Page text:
9am to 5pm: Look for information intended to further the ridicule, denigration, abuse, insulting, vilification, and ultimately impeachment, of Donald Trump.
News reporting now amounts to opinion pieces in disguise. It almost doesn’t matter what Trump does; the media will be all over it.
When Trump tries to live up to his campaign promises, for example draining the swamp and significantly reducing the size and scope of government, the media is there to unleash a howling chorus against it. Washington bureaucrats will fight to the gates of Hell to keep their high-paying jobs and outrageously generous benefits packages.
It’s only natural that the fawning and obsequious mainstream media who writes about their enthralling exploits in trying to regulate and control every day Americans will do everything to defend them as well.
Trump’s budgetary outlets were also based on a shocking idea to many who have been indoctrinated into the social justice cult: the concept that American people should be working and taking care of themselves; not relying on a social safety net and government handouts.
As budget director Mick Mulvaney noted, “If you are on food stamps and you are able-bodied, we need you to go work…If you are on disability insurance and you are not supposed to be — if you are not truly disabled — we need you to go back to work. We need everybody pulling in the same direction.”
The problems that Canada, France, Germany, and the UK are facing are similar to our own problems. We all have too many people who are relying on federal, state, and municipal governments. We all have too many people who are not working, even though they could and should. We have too many “beneficiaries” of government programs, and not enough “contributors” and demographics are a ticking time bomb that will imperil the entire notion of the Western European welfare state.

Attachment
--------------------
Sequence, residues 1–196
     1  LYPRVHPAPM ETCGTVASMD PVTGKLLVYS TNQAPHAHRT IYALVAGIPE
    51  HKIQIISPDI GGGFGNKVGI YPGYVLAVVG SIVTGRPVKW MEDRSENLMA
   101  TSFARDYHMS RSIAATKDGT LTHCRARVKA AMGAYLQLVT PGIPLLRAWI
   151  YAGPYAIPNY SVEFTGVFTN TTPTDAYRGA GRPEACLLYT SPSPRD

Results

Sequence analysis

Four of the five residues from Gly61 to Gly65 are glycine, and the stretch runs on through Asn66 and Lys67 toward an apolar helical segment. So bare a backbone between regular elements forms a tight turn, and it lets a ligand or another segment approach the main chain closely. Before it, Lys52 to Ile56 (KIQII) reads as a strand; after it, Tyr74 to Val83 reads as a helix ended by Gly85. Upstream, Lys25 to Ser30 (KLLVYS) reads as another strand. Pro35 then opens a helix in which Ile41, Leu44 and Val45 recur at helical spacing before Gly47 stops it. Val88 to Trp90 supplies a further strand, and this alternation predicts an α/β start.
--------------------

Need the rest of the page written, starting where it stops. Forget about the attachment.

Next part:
It is time for the United States, now, to make the painful but necessary changes to our budget and ensure that we do not end up with a permanent American underclass living off of the taxpayers. That is how Trump can serve as en example for his Canadian and European counterparts.
Our labor force participation rate is at 63%. Put another way, 37% of Americans are not working. What percentage of these people are relying largely or even exclusively, on the US taxpayer? What percentage of these people are perfectly capable of holding down a job?
It would be interesting to do a study on the subject.
What is clear: this issue is certain to sharply divide the right and the left…in the US, Canada, and Europe…over the course of coming generations.
The mainstream media will always be there to paint corporations and capitalism as the real global villains when the reality is exactly the opposite: corporations and capitalism, and the entrepreneurship that they thrive on, are the very drivers of eradication of poverty, hunger, disease, illiteracy, and crime.
If Trump can focus on that message, and explain why our free-market capitalism has been the greatest success story in global modern history, he has a good shot at remaining a more popular leader than his big government regulatory-friendly counterparts.
As President Calvin Coolidge once said, “The business of America is business.”
It’s high time we return to that mantra.